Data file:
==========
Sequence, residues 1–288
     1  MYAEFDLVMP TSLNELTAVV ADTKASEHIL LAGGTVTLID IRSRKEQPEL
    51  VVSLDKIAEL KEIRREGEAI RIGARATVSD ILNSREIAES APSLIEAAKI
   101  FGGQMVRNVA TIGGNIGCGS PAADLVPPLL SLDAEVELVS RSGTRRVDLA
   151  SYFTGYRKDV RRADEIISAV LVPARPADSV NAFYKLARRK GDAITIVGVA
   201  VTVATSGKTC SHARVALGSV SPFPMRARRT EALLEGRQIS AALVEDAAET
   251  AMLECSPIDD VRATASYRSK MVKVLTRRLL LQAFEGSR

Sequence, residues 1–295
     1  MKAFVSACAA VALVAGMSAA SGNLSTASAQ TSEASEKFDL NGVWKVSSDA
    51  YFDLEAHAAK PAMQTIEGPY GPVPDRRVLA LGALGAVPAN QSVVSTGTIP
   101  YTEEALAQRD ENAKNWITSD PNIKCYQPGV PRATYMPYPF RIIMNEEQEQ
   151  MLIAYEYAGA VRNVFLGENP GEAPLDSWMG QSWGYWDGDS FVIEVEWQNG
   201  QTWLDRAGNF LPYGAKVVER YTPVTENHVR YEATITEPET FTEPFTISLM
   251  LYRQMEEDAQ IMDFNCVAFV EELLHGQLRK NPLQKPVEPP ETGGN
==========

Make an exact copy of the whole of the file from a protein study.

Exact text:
Sequence, residues 1–288
     1  MYAEFDLVMP TSLNELTAVV ADTKASEHIL LAGGTVTLID IRSRKEQPEL
    51  VVSLDKIAEL KEIRREGEAI RIGARATVSD ILNSREIAES APSLIEAAKI
   101  FGGQMVRNVA TIGGNIGCGS PAADLVPPLL SLDAEVELVS RSGTRRVDLA
   151  SYFTGYRKDV RRADEIISAV LVPARPADSV NAFYKLARRK GDAITIVGVA
   201  VTVATSGKTC SHARVALGSV SPFPMRARRT EALLEGRQIS AALVEDAAET
   251  AMLECSPIDD VRATASYRSK MVKVLTRRLL LQAFEGSR

Sequence, residues 1–295
     1  MKAFVSACAA VALVAGMSAA SGNLSTASAQ TSEASEKFDL NGVWKVSSDA
    51  YFDLEAHAAK PAMQTIEGPY GPVPDRRVLA LGALGAVPAN QSVVSTGTIP
   101  YTEEALAQRD ENAKNWITSD PNIKCYQPGV PRATYMPYPF RIIMNEEQEQ
   151  MLIAYEYAGA VRNVFLGENP GEAPLDSWMG QSWGYWDGDS FVIEVEWQNG
   201  QTWLDRAGNF LPYGAKVVER YTPVTENHVR YEATITEPET FTEPFTISLM
   251  LYRQMEEDAQ IMDFNCVAFV EELLHGQLRK NPLQKPVEPP ETGGN